Source: Negligence, political inertia fuel graft | The Financial Gazette October 11, 2016
By Nyasha Chingono
GROSS negligence and lack of political will to combat institutional corruption are fuelling graft, which is costing Zimbabwe more than US$1 billion every year.
Corruption watchdog, Transparency International Zimbabwe (TIZ)’s release last week of a report implicating politicians and the police as major actors involved in rampant corruption in Zimbabwe has come as a rude awakening to the powers-that-be.
“It would be surprising if the value of corruption were less than US$1 billion annually. ZIMRA (the Zimbabwe Revenue Authority) was quoted as estimating that corruption losses amounted to about US$2 billion in 2012 alone,” reads the TIZ report.
Corruption has rose to become one of the key impediments to Zimbabwe’s economic development, and has now been imbedded in the way of doing business in the country.
The TIZ report states that police’s demand and acceptance of bribes from the public and business contributes 79,1 percent to corruption in Zimbabwe.
Zimbabwe is ranked among some of southern Africa’s most corrupt countries with a low Corruption Perception Index (CPI) score of 21 out of 100, compared to an average of 44 in four other Southern African Development Community states.
Transparency International ranks countries by their perceived levels of corruption, defined as the misuse of public power for private benefit, as determined by expert assessments and opinion surveys.
TIZ’s latest study further dampens the country’s prospects of getting international financial aid, analysts have pointed out.
“The resulting institutionalisation and systematisation of corruption in Zimbabwean political and economic sphere has been extensive,” TIZ stated.
Coalition Against Corruption executive director, Terry Mutsvanga, said Zimbabwe cannot afford to continue to lose large sums of money to vice and government needed to be more serious in combating corruption.
“We have a long way to go and as long as we don’t have the political will to curb corruption; we will not go anywhere as a country,” Mutsvanga added.
TIZ cited high levels of impunity as one of the factors driving corruption in the country because suspected “culprits” were connected to “untouchable” political figures.
“In most of the grand corruption scandal cases, the alleged actors are rarely prosecuted and the Anti Corruption Commission has proved too weak to go after some high cases of grand corruption,” reads TIZ 2016 report on the country’s state of corruption.
Analysts have also argued that the lack of urgency in dealing with the Auditor General’s report that exposed corruption in most parastatals proves that most corrupt officials wield immense political power.
“The majority of perpetrators of grand corruption in Zimbabwe are political actors with political backing and influence. The dominant scandals that Zimbabwe has witnessed since the 1980s show trends of perpetrators wielding political power,” said TIZ.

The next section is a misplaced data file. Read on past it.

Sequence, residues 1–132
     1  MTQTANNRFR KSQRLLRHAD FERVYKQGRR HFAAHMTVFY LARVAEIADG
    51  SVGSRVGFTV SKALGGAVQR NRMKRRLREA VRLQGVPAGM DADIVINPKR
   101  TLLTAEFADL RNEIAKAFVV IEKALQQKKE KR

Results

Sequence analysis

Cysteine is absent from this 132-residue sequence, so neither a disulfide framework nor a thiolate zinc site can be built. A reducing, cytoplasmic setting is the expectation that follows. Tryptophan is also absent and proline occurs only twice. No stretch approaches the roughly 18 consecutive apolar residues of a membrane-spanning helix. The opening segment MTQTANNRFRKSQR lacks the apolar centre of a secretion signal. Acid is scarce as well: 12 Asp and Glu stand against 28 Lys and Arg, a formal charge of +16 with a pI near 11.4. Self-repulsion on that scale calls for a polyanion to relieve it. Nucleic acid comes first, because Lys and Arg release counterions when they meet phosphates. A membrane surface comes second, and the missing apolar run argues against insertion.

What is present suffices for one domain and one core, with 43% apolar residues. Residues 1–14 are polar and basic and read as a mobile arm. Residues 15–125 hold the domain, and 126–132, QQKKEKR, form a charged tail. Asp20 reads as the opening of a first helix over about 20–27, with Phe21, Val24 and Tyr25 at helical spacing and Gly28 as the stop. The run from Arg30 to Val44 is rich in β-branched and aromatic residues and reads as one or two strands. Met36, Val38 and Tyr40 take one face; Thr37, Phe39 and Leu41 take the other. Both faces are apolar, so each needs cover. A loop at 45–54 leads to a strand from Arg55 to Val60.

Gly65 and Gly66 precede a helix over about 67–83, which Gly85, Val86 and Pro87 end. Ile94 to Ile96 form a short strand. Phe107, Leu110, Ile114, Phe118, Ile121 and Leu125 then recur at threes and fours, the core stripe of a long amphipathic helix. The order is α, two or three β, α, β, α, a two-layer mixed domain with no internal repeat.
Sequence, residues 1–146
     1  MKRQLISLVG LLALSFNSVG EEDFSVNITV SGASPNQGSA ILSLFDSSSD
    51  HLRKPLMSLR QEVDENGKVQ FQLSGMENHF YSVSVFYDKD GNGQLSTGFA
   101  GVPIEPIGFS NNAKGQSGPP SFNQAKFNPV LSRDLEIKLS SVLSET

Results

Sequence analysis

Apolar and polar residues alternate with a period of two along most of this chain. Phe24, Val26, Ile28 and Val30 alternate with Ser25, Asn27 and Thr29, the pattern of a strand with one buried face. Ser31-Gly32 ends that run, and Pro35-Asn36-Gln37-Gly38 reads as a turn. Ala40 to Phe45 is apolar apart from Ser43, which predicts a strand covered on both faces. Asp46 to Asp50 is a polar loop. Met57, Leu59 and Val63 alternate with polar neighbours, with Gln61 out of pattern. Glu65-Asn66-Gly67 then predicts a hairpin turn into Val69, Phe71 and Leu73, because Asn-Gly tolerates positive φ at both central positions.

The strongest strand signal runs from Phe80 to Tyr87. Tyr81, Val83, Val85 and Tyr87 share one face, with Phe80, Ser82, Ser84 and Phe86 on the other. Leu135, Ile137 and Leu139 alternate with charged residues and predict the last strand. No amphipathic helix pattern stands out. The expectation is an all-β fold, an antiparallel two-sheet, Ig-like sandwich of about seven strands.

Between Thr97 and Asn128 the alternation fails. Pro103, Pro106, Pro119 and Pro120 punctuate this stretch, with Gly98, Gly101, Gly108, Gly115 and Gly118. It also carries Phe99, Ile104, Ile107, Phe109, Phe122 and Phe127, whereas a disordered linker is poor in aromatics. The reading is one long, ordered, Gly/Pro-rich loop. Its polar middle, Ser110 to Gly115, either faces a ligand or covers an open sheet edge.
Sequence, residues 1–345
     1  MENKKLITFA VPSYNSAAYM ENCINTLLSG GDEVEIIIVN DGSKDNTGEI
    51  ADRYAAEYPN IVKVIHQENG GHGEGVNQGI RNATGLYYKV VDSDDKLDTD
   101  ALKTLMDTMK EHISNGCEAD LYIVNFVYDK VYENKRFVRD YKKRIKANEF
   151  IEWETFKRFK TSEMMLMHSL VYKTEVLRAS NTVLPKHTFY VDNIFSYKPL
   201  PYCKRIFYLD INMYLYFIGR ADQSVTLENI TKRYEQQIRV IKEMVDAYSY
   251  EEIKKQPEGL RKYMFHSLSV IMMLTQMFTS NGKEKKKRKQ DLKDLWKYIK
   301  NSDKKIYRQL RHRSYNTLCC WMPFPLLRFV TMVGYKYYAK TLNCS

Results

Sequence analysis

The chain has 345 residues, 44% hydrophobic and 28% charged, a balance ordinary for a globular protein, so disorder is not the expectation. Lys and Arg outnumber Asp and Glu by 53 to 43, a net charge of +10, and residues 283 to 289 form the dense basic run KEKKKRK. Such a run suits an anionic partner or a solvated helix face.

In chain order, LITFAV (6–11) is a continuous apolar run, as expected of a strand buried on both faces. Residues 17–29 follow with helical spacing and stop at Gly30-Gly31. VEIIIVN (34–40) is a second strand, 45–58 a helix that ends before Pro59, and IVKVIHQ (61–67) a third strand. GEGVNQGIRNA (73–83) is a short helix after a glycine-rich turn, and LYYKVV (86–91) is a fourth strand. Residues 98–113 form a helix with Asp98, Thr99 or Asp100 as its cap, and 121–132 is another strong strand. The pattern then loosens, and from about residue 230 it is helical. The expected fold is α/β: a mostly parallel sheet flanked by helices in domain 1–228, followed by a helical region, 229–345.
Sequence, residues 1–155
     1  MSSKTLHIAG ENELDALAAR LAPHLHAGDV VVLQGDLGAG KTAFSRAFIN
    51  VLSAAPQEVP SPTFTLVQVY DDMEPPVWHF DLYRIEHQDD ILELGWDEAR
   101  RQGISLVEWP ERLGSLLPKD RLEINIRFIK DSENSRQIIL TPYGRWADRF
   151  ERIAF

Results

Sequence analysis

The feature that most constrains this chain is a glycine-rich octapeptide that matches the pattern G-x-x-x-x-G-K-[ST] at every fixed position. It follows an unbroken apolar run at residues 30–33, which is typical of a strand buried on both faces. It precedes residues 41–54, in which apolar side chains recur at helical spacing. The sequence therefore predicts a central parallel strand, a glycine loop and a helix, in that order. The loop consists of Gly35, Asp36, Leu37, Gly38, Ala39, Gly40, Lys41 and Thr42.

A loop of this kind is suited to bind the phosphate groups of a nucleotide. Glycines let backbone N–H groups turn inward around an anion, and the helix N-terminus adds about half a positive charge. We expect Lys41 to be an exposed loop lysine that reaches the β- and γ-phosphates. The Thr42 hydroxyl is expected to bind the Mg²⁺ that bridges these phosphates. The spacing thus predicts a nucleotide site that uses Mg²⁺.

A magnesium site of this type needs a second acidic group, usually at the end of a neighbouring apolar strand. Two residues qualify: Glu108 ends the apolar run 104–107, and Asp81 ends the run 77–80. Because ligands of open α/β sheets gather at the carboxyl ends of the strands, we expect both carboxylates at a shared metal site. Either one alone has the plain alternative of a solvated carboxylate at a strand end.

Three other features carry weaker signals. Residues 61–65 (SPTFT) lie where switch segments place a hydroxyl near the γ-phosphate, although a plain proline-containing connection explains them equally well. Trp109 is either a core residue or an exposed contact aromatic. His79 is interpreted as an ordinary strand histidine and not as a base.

Mutsvanga argues that high levels of impunity in dealing with corruption cases were shielding corrupt political leaders.
“Failure to deal with corruption means those in authority are also corrupt because they should be able to deal with such,” he said.
Many believe that the lack of political will to deal with corruption stems from the growing political corruption that involves bigwigs.
Political commentator, Jacob Mafume, said the Zimbabwe Anti-Corruption Commission that was mandated to deal with corruption was not independent, hence was not qualified to deal with issues of corruption in the country.
“It is under the President’s Office and is more of a political tool rather than a prosecuting authority. It has no power and independence,” said Mafume.
Mafume said Zimbabwe needed to urgently deal with corruption that has robbed the country of US$15 billion stolen from illicit diamond deals, defrauding the nation of four years worth of fiscal support.
“We have to deal with corruption if we are to get anywhere as a country. It is a killer and must be stopped because it is as bad as the epidemics that plague Africa. This will not be achieved through lip service,” said Mafume, adding that the US$1 billion corruptly siphoned out of the fiscus every year reflects poverty levels in Zimbabwe.
The TIZ 2016 report indicated that the State Procurement Board, ZIMRA and the Harare’s city health department were among the most corrupt institutions in Zimbabwe constituting 81, 64 and 48 percent respectively.
Although Zimbabwe ratified the United Nations Convention against Corruption of 2007, among other agreements, corruption has continued to soar as the country infamously contributes a tenth to global corruption estimated at US$1 trillion annually.
And for a country with an annual budget of US$4,1 billion, much should be done to stop revenue leakages in a cash-strapped economy, Mutsvanga said.
Swedish Embassy, country director development cooperation, Maria Selin bemoaned the alarming state of corruption in the country.
“It is disheartening to note that corruption is now a part of everyday life in Zimbabwe. Corruption is a cost everyone calculates,” she said.
“If we are serious about development, we will fight corruption and make sure it does not pay,” Selin added.
A joint report by the African Development Bank and the Global Financial Report of May 2013 revealed that between 1980 and 2009, Zimbabwe cumulatively lost US$11,8 billion due to illicit resource transfers, a process that has culminated in the current economic situation.